Facebook says it has discovered a new privacy flaw on its platform that lets some app developers access data in Groups that they should not have.
The social network restricted how much information app developers could gather from Groups, following the Cambridge Analytica data scandal.
But it said about 100 developers had retained access to Group data, such as people's names and photos.
Facebook did not say how many members had been affected by the flaw.
"We can be in little doubt that there are groups out there that seek to abuse these kinds of flaws to artificially shape debate, manipulate voters and influence election results," Mike Beck from the cyber-security company Darktrace told the BBC.
Like other social networks, Facebook provides an application programming interface (API) that lets app developers connect their own creations to Facebook.
But in 2018, it was revealed that Cambridge Analytica had harvested the personal data of millions of people by creating a personality quiz on Facebook - and used the data to target political advertising.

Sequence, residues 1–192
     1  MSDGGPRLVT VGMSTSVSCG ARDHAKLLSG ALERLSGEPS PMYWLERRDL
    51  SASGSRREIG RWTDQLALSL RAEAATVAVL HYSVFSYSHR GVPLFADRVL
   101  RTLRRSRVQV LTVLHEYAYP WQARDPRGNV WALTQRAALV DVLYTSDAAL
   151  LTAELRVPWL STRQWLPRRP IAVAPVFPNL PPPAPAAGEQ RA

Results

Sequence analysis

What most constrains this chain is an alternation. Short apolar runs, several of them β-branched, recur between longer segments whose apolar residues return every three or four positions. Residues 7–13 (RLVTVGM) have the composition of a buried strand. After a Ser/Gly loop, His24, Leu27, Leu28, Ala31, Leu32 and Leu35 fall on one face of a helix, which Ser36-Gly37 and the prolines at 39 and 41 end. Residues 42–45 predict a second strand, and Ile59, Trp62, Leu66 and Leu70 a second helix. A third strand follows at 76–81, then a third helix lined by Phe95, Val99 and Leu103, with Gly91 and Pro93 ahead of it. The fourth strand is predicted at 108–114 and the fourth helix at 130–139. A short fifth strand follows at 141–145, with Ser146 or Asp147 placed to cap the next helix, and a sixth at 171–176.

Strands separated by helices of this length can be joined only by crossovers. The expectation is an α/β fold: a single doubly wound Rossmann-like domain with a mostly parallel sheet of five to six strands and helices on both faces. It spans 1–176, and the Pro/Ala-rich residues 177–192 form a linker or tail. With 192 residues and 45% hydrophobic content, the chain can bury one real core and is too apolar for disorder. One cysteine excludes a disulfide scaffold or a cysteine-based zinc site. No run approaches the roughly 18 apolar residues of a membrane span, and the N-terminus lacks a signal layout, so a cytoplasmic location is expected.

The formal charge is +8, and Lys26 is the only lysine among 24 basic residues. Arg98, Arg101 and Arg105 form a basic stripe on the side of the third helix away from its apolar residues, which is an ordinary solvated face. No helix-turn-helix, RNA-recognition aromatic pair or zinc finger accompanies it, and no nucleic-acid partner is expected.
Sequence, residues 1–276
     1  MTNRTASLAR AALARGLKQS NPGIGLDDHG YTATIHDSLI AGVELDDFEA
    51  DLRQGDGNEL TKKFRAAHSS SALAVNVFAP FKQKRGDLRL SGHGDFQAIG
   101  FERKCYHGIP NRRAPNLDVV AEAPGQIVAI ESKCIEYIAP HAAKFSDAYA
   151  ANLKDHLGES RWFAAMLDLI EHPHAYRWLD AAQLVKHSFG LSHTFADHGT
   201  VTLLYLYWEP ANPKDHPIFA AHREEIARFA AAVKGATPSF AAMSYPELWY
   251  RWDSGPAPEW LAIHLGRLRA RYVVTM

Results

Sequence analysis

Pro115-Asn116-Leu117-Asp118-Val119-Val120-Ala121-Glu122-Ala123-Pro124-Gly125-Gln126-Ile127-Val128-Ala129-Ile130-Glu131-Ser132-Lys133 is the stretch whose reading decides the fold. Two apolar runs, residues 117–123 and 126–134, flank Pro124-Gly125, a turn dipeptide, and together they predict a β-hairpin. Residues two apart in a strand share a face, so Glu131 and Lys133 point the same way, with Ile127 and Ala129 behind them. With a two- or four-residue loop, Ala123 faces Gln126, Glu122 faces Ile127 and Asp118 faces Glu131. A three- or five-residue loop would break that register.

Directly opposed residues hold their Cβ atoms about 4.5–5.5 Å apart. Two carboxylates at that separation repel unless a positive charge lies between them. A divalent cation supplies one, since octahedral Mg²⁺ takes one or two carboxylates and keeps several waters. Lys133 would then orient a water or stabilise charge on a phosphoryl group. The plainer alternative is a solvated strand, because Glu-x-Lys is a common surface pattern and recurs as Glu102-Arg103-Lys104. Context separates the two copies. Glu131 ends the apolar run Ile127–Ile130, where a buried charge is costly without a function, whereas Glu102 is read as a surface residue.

In October, Facebook agreed to pay a £500,000 fine imposed by the UK's data protection watchdog, for its role in the scandal.
Following the scandal, Facebook restricted access to many of its APIs, including the one that let app developers connect to Groups on the social network.
With permission, app developers could access a group's name, the number of members and the content of posts.
However, they could only access member names and photos if people explicitly opted in.
But on Tuesday, the company revealed that about 100 "partners" retained access following the change.
It said "at least" 11 developers had accessed the restricted information in the last 60 days.
"Although we've seen no evidence of abuse, we will ask them to delete any member data they may have retained, and we will conduct audits to confirm that it has been deleted," Facebook said in a statement.